Students interested in this field may also become forensic science technicians. According to the US Bureau of Labor Statistics, Forensic Science Technicians made an annual median income of $60,590 in 2020. The number of jobs in this profession in 2020 was 17,200. The job outlook for the years between 2020 and 2030 was 16%, which is much better than average. This percentage increase would add nearly 2,700 new jobs into the forensic technician field.
How Much Does It Cost to Get a Bachelor’s in Forensic Psychology?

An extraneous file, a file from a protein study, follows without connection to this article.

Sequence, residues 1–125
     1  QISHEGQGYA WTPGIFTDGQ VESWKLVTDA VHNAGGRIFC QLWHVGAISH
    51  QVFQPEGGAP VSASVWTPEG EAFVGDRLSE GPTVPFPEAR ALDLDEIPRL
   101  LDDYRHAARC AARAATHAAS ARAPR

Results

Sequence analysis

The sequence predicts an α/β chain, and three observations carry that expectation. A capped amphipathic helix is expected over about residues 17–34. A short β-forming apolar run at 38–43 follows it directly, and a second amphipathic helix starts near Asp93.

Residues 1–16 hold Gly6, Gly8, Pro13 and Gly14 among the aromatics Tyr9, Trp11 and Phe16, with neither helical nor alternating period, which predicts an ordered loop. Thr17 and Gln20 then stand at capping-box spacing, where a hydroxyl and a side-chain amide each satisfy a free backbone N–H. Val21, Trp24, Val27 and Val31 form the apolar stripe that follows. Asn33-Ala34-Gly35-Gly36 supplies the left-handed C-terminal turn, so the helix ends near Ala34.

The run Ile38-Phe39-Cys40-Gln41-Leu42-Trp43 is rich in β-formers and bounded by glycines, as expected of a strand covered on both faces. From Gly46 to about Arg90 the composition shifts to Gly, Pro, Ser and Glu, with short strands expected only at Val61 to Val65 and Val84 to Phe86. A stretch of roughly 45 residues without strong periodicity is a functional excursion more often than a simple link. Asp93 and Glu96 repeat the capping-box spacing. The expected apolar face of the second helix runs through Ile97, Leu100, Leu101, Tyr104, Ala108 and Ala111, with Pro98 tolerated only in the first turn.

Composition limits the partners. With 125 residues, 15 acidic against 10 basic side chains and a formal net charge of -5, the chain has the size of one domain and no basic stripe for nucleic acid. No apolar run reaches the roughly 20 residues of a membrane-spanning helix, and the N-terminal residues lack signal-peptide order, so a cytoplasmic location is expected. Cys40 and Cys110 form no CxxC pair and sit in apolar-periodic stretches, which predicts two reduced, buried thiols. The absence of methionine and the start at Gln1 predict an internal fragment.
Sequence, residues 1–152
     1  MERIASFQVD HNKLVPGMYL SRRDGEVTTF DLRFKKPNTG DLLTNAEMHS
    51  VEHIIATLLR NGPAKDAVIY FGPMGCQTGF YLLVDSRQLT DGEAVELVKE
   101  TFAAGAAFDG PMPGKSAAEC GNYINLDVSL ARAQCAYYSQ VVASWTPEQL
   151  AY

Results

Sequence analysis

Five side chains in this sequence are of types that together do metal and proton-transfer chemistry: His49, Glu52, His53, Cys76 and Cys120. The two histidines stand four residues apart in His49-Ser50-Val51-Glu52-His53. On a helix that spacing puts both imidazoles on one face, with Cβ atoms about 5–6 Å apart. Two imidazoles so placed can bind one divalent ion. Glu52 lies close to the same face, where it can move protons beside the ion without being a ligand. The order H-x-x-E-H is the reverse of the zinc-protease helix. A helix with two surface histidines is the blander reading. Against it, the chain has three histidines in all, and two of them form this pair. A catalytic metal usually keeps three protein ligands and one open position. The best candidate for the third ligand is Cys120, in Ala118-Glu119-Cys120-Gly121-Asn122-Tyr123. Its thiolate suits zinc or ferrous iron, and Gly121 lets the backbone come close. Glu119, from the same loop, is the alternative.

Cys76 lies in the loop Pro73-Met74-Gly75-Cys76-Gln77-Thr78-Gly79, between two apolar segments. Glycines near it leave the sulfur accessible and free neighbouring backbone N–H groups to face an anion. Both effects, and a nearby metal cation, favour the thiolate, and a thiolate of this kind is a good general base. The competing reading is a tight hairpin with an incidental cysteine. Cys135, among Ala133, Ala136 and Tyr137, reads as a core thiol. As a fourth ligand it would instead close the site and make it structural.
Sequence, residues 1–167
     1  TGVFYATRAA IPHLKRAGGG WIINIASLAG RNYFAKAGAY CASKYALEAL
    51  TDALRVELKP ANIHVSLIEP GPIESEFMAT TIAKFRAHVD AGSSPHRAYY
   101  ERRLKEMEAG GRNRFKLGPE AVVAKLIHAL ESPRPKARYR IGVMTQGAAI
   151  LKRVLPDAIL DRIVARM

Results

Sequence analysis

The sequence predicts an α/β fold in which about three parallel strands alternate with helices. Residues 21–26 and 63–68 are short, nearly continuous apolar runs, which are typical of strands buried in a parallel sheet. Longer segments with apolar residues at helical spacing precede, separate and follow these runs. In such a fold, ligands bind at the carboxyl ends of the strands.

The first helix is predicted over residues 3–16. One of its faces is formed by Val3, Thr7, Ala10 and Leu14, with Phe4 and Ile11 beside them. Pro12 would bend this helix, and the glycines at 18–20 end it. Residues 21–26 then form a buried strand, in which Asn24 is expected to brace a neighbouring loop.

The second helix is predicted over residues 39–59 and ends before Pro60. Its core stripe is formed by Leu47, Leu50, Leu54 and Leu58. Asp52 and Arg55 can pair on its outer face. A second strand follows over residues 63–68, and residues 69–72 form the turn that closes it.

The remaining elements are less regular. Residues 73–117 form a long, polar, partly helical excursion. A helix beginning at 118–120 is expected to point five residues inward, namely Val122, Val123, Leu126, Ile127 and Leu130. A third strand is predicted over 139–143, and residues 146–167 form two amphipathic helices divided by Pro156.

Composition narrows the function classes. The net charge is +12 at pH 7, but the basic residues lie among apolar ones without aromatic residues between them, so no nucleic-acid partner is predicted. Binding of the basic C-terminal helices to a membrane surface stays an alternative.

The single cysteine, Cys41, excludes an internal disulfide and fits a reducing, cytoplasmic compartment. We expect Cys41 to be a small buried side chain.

The cost of a bachelor’s degree in forensic psychology would vary according to a number of factors, including the college’s reputation, format of the degree, degree specifications etc. Another major factor that affects the college cost includes where the student resides (in-state or out-of-state).
Public and private institutions would also have varied cost structures, as would for-profit and non-profit institutes. According to 2018 statistics from the National Center for Education Statistics, the average cost of attending a four-year long degree-granting college was $28,120 per year. This figure would have increased since 2018, therefore, students are advised to check with the admission boards of the colleges they want to apply to.